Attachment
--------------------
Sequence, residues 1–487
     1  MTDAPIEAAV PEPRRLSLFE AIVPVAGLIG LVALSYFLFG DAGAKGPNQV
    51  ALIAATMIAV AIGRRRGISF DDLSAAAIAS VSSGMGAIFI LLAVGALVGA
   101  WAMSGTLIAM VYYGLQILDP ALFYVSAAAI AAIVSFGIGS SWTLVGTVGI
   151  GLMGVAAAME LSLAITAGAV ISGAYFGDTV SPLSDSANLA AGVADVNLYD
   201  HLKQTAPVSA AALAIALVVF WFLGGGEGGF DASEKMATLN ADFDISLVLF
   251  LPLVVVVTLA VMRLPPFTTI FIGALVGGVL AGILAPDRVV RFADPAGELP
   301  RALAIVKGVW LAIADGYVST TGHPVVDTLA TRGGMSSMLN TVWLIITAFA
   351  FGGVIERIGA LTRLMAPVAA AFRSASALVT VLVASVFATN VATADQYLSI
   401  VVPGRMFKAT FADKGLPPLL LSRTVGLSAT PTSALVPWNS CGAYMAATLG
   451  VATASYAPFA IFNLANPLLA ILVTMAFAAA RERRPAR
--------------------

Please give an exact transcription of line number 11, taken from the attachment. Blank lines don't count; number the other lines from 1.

   451  VATASYAPFA IFNLANPLLA ILVTMAFAAA RERRPAR